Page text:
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(12) World Religion: Buddhism
Transcript of (12) World Religion: Buddhism
Origins of Buddhism
developed out of the same period of religious questioning that shaped modern Hinduism and Jainism.
Siddhartha Gautama (nickname "the enlightened one"
- he was
born into a noble family
that lived in the foothills of the Himalayas in Nepal.
According to Buddhist legend...
to Buddhist legend, the baby exhibited the marks of a great man. A prophecy indicated that if the child stayed at home he was destined to become a world ruler. If the child left home, however, he would become a universal spiritual leader. To make sure the boy would be a great king, his father isolated him in his palace. Separated from the world, Siddhartha married and had a son.
Siddhartha never ceased thinking about the world that lay outside the palace, which he had never seen. When he was 29, he ventured outside the palace four times. First he saw an old man, next a sick man, then a corpse being carried to the cremation grounds, and finally a wandering holy man who seemed at peace with himself. Siddhartha understood these events to mean that every living thing experiences old age, sickness, and death and that only a religious life offers a refuge from this inevitable suffering. Siddhartha decided to spend his life searching for religious truth and an end to suffering. So, soon after learning of his son’s birth, he left the palace.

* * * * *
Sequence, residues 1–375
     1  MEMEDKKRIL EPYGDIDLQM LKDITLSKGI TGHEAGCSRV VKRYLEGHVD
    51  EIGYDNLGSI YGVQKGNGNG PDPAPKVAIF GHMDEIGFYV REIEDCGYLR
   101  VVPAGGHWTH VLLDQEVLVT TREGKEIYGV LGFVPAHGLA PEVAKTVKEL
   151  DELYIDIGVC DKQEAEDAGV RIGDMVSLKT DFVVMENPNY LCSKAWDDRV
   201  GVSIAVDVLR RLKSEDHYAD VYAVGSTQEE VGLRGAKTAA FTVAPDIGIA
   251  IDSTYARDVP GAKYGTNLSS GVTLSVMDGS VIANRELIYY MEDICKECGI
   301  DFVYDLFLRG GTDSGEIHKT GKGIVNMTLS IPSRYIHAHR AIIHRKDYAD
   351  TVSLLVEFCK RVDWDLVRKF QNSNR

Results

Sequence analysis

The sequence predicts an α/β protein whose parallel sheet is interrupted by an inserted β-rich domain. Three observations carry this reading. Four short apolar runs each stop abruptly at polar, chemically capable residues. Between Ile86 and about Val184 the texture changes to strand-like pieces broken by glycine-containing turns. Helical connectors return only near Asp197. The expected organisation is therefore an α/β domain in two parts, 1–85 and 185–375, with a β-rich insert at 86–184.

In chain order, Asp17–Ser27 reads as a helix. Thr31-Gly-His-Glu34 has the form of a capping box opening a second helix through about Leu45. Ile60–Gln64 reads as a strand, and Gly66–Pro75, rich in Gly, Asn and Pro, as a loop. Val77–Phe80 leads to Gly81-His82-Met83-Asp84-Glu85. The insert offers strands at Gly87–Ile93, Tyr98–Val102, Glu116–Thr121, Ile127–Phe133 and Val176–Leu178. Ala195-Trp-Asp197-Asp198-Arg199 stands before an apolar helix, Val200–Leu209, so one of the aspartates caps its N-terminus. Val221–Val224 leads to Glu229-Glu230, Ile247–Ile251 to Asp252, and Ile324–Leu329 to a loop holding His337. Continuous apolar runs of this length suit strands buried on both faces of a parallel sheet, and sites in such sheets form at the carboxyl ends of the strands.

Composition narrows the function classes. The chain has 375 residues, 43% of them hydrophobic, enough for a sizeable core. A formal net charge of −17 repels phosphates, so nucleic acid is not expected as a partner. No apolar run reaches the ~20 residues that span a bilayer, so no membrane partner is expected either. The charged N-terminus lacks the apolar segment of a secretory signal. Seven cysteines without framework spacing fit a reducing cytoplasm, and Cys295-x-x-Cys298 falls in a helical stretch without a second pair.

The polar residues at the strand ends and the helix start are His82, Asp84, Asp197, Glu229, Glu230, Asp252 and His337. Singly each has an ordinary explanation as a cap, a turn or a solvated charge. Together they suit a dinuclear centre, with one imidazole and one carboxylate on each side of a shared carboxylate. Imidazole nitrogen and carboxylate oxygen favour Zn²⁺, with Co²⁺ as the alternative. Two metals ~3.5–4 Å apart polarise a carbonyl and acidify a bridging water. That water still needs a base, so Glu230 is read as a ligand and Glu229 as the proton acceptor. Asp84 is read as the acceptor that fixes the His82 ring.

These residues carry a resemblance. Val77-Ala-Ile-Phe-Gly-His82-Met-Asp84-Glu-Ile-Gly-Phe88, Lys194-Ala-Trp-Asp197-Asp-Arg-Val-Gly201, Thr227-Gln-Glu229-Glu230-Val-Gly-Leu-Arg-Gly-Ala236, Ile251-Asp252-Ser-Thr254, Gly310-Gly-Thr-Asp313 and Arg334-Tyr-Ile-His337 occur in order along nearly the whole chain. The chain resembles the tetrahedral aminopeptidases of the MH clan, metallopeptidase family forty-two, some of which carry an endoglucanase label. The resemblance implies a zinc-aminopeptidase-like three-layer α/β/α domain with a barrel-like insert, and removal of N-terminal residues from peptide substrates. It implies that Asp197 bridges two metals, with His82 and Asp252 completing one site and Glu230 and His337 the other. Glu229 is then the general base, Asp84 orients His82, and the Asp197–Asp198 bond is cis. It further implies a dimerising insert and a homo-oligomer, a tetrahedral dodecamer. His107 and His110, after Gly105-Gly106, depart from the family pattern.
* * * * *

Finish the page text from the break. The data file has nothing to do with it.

Siddhartha wandered through the forests of India for six years seeking enlightenment, or wisdom. He tried many ways of reaching an enlightened state. He first debated with other religious seekers. Then he fasted, eating only six grains of rice a day. (It was said that his stomach became so empty that by poking a finger into it, he could touch his backbone.) Yet none of these methods brought him to the truth, and he continued to suffer. Finally, he sat in meditation under a large fig tree. After 49 days of meditation, he achieved an understanding of the cause of suffering in this world. From then on, he was known as the Buddha, meaning “the enlightened one.”
Key Terms for Buddhism
: to lead a spiritual life- relating to the spirit or soul not the physical
: is a Sanskrit word which means "The Awakened One", one who is awakened to Reality, who understands true nature of the mind, the world, and all sentient beings.
: the awakening of the ultimate truth or the attainment of spiritual knowledge or insight
: is a place of perfect peace and happiness, like heaven. It is the highest state that someone can attain, a state of enlightenment, meaning a person's individual desires and suffering go away.
: the ability to use the mind and think internally. Buddhists peruse meditation as part of the path to Enlightenment and Nirvana
s also led to the rise of two other religions:
Jainism and Buddhism.
Founder of Janism:
, who was born about 599 b.c. and died in 527 b.c.
believed that everything in the universe has a soul and so should not be harmed.
Example: They sweep ants off their path and wear gauze masks over their mouths to avoid breathing in an insect accidentally.
Jains today make up
one of the wealthiest communities in India
. Jains have traditionally
preached tolerance of all religions.
Because of this tolerance, Jains have not sent out missionaries.
nearly 5 million Jains in the world today live in India.
Two Branches of Buddhism